From: Peter Verity
Many expl anations have been given for what triggered the recent ‘credit boom’ and ‘credit crunch’, such as sub-prime lending and international trade imbalances. However, the root cause is surely the nature of credit itself.
How do the banks work? According to polls, most people believe that the money banks loan out to borrowers comes from the money deposited by savers. In fact, the truth is more sinister. Our system of ‘fractional reserve banking’ gives commercial banks a licence to literally create money out of thin air – and then charge interest on the money they created. At the height of the boom, banks created £44 “credit” for each £1 of deposits!
Now, the economic health of the nation – people’s livelihoods and jobs – depends on the availability of money to oil the wheels of commerce, yet we allow commercial banks, driven purely by the interests of their shareholders, to determine how much or how little money is in circulation. Could you invent anything more insane? For example, in 2008, the banks created £266bn of new credit when it was profitable for them to do so, fuelling an asset bubble. The following year, when lending became risky, this fell to £106bn – a massive £160bn fall. This drastic reduction in new money supply was a root cause of the recession, leading to thousands of job losses.
Fractional reserve banking is also the cause of spiralling debt. When a bank lends £100, it expects (say) £110 back the next year. Where does the money come from to pay the interest? Since ALL money is created by the banks, they have to keep on creating more and more to cover the interest payments – in effect, the money they create each year is the following year’s profits! And since all money is created as debt, this means that we must get deeper and deeper in debt year on year. Total debt to the banks now stands at over 2 trillion pounds and is increasing exponentially. There is no escape, it is a mathematical certainty.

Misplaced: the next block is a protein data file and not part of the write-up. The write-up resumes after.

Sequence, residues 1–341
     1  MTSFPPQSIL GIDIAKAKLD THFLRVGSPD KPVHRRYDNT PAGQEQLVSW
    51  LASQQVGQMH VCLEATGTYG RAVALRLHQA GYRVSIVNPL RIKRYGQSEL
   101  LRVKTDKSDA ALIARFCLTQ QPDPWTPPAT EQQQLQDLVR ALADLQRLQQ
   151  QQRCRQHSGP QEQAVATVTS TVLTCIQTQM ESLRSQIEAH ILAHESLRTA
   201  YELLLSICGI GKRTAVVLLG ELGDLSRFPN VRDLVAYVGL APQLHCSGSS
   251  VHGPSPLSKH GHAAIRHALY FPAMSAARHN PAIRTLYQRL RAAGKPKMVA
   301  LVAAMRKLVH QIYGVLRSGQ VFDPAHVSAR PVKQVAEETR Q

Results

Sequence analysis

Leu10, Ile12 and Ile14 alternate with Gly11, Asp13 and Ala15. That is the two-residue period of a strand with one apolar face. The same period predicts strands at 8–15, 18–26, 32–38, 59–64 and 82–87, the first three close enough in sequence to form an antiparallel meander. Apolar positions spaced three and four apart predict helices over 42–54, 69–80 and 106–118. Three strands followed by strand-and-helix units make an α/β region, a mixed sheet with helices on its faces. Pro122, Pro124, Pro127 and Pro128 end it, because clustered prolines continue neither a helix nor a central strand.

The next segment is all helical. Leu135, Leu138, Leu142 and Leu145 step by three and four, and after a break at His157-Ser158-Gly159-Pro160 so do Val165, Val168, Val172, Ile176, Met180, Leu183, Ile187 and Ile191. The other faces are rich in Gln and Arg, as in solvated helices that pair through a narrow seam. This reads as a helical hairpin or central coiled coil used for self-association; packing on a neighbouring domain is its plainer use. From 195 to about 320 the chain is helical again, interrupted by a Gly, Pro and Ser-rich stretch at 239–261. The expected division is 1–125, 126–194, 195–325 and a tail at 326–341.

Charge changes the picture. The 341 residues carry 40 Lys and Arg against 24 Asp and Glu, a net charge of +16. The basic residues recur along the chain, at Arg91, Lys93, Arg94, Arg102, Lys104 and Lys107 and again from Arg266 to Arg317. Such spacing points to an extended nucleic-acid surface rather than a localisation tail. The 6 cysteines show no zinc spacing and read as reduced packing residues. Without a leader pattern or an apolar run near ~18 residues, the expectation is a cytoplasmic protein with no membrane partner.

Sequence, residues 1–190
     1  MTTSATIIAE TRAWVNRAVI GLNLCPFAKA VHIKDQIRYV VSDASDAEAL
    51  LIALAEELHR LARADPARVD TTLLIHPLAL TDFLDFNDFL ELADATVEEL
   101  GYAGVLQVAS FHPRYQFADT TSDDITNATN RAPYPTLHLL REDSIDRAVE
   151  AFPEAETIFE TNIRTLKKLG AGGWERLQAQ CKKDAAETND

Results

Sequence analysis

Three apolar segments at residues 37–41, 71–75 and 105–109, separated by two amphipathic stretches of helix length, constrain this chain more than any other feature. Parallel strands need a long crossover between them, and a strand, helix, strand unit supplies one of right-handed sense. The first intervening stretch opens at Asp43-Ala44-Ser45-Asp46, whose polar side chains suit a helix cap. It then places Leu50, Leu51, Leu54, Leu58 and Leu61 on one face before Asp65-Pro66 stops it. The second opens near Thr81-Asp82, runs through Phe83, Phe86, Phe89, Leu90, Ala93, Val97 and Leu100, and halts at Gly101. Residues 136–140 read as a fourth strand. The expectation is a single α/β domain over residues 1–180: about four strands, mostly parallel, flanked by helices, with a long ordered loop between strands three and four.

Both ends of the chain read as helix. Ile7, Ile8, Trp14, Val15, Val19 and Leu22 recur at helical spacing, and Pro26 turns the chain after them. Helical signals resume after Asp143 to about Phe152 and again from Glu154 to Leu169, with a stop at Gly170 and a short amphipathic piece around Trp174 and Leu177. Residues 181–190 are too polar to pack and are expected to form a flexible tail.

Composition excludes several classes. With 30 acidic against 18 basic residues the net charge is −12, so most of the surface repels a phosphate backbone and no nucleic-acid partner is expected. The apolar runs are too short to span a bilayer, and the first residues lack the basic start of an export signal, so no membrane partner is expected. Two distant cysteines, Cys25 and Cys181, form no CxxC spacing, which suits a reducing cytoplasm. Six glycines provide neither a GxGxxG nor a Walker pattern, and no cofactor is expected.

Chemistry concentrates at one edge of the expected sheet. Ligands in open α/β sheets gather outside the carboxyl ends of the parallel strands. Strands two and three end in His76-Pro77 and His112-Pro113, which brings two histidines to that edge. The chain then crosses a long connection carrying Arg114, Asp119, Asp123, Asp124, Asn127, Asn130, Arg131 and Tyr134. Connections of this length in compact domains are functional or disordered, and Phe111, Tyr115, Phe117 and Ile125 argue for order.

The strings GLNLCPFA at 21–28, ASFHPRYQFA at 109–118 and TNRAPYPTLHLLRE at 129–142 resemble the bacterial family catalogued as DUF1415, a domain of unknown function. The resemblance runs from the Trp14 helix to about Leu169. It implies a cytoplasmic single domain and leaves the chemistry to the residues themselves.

We might blame bankers for many things, such as irresponsible lending, and obscene bonuses. However, they cannot be blamed for the system which they have inherited, that can only be changed by political will. I believe that the modern banking system is flawed in its foundations; the faults lie so deep that we are blind to them. No amount of tinkering at the edges can make right a system in which money supply is controlled wholly in the interests of bank shareholders.
It doesn’t have to be like this. A number of economists, including the New Economics Foundation (nef), have called for an end to fractional reserve banking. They recommend implementation of a ‘full-reserve’ banking system, and have submitted a proposal to the Independent Commission on Banking (ICB). In this model, the licence which allows commercial banks to create credit is removed. Banks can only lend out what has been deposited, so they cannot trigger a credit boom or bust. The money supply is controlled solely by the central bank, free from both commercial and political pressures.
Money supply would be much more stable, and it could genuinely bring the end of boom and bust. In addition, the spiral of ever-increasing debt could be broken as, when new money is needed, it could be injected directly into the economy instead of being created as debt. The existing debt burden could be gradually paid off without creating more debt, avoiding another crisis and another round of spending cuts.
A public campaign has started to end fractional reserve banking, and I recommend readers to look at the positivemoney.org.uk website which explains further, and which has the submission to the ICB in downloadable form. Needless to say, the banks will fight tooth and nail against it– the campaign needs your support.